Legislative Testimony for LB60: Change provisions related to community college levies
Good Afternoon, Chairwoman Walz and members of the Education Committee. My name is Nicole Fox, and I am the Director of Government Relations for the Platte Institute. I am here today to testify in opposition to LB60.
Community colleges are just one of the many political subdivisions in this state with property tax levying authority. Currently, community colleges may levy a tax not to exceed ten and one-quarter cents per one hundred dollars of taxable valuation of property to support operating expenses. In addition, they may levy a tax not to exceed one cent per one hundred dollars of taxable valuation of property for the purposes of paying off bonds and establishing a capital improvement and bond sinking fund.
The intent of LB60 is to eliminate these two levy distinctions and allow for a single 11.25 cent maximum levy, so that community college boards do not have to decide on how much they need to budget for general operating expenses and capital investments separately.
While this may seem less onerous for the boards, the Platte Institute is concerned about how this change will ultimately affect property taxpayers.
To illustrate our concerns, I would like to point to 2016. That year, Southeast Community College put a $369 million bond proposal on the ballot for facility upgrades and construction. The bond issue was overwhelmingly rejected by voters.[i] Following the bond proposal’s failure, the board voted in 2017 to raise the college’s property tax levy from 7.52 cents per $100 of valuation to 9.07 cents per $100 of valuation, although still under the 10.25 levy limit, this was a 21% tax increase.[ii]
There exists a familiar saying, “bonds don’t increase your taxes.” Educated taxpayers are savvy as to how the proposal of bonds works. When a political subdivision finds itself on the tail end of a bond payoff period, it realizes that it can borrow more money without taxpayers paying a higher levy than they do currently. More bonding gets proposed to replace the bonding that was paid off, therefore appearing that taxes stay the same. At the end of the day, the political subdivision will get more money, particularly as valuations rise.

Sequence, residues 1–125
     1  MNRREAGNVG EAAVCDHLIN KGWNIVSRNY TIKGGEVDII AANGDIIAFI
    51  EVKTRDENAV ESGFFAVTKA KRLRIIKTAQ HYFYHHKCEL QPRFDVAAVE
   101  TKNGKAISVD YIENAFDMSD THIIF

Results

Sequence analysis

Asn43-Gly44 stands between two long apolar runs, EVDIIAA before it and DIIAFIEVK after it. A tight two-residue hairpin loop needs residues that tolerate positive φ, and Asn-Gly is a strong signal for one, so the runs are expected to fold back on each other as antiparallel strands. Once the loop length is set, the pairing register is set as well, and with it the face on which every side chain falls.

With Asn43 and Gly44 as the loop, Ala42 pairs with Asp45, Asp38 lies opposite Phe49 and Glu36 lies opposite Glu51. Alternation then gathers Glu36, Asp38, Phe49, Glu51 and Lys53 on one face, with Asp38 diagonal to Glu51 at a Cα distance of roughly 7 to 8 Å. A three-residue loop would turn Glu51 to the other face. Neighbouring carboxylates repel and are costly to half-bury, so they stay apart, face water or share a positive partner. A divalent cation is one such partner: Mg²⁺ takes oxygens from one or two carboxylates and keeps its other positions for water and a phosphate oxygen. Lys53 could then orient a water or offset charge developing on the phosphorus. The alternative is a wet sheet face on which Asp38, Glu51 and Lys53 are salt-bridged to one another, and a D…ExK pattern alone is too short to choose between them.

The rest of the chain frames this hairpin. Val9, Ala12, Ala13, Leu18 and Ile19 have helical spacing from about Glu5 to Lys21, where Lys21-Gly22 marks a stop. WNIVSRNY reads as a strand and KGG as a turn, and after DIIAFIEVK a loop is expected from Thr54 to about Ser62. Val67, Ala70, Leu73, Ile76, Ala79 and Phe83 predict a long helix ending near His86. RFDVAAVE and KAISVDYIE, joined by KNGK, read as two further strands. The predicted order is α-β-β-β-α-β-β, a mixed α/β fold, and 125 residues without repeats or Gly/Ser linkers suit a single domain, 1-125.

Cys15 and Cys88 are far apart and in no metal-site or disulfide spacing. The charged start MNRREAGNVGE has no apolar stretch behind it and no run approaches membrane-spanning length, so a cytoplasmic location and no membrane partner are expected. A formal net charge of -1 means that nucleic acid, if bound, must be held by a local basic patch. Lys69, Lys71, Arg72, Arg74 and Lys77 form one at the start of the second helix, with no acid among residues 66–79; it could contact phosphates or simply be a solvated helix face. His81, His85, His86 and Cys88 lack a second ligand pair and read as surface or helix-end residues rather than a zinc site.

If the proposed levy distinction elimination and likely tax levy increase is used in place of bonding, will levies be lowered once the capital improvements are complete, or will more new construction be proposed, and the higher levy remain the same?
The 2016 bond issue failed because voters did not want the added tax burden the bond would impose.
Nebraskans are begging for reforms that reduce the burdens to their pocketbooks because their property taxes are already so high.
We polled nearly 3,000 Nebraskans in 8 legislative districts in 2019, 62% of whom told us they favored stronger limits on property tax levies and valuations. If LB60 were to pass, community colleges could simply use as much authority as possible to pursue capital construction projects and bypass the voice of the taxpayer.
People in Nebraska are hurting. The pandemic has caused job loss and business closures. People are already struggling to pay their rents, their mortgages, and their tax bills. Nebraska already has the country’s eighth highest average property tax rate on homeowners. Now is not the time to introduce proposals that could impose additional burden on taxpayers.